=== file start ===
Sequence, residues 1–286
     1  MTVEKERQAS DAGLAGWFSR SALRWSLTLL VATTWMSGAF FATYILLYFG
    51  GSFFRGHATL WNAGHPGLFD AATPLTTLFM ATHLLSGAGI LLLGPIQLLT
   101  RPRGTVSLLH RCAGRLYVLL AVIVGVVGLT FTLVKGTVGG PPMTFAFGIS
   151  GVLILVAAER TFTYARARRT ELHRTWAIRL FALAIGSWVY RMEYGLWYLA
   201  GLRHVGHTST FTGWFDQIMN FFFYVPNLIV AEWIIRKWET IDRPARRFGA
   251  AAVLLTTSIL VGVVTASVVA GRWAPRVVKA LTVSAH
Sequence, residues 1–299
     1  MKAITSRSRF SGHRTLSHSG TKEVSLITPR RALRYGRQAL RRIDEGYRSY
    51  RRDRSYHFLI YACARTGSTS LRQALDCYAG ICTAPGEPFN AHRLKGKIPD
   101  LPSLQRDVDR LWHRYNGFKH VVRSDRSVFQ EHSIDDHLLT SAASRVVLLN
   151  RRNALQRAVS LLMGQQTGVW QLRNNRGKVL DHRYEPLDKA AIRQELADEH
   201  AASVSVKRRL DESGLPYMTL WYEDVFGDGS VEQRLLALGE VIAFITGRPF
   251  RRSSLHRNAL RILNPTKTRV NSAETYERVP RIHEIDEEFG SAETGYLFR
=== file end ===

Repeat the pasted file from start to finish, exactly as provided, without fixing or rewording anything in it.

Sequence, residues 1–286
     1  MTVEKERQAS DAGLAGWFSR SALRWSLTLL VATTWMSGAF FATYILLYFG
    51  GSFFRGHATL WNAGHPGLFD AATPLTTLFM ATHLLSGAGI LLLGPIQLLT
   101  RPRGTVSLLH RCAGRLYVLL AVIVGVVGLT FTLVKGTVGG PPMTFAFGIS
   151  GVLILVAAER TFTYARARRT ELHRTWAIRL FALAIGSWVY RMEYGLWYLA
   201  GLRHVGHTST FTGWFDQIMN FFFYVPNLIV AEWIIRKWET IDRPARRFGA
   251  AAVLLTTSIL VGVVTASVVA GRWAPRVVKA LTVSAH
Sequence, residues 1–299
     1  MKAITSRSRF SGHRTLSHSG TKEVSLITPR RALRYGRQAL RRIDEGYRSY
    51  RRDRSYHFLI YACARTGSTS LRQALDCYAG ICTAPGEPFN AHRLKGKIPD
   101  LPSLQRDVDR LWHRYNGFKH VVRSDRSVFQ EHSIDDHLLT SAASRVVLLN
   151  RRNALQRAVS LLMGQQTGVW QLRNNRGKVL DHRYEPLDKA AIRQELADEH
   201  AASVSVKRRL DESGLPYMTL WYEDVFGDGS VEQRLLALGE VIAFITGRPF
   251  RRSSLHRNAL RILNPTKTRV NSAETYERVP RIHEIDEEFG SAETGYLFR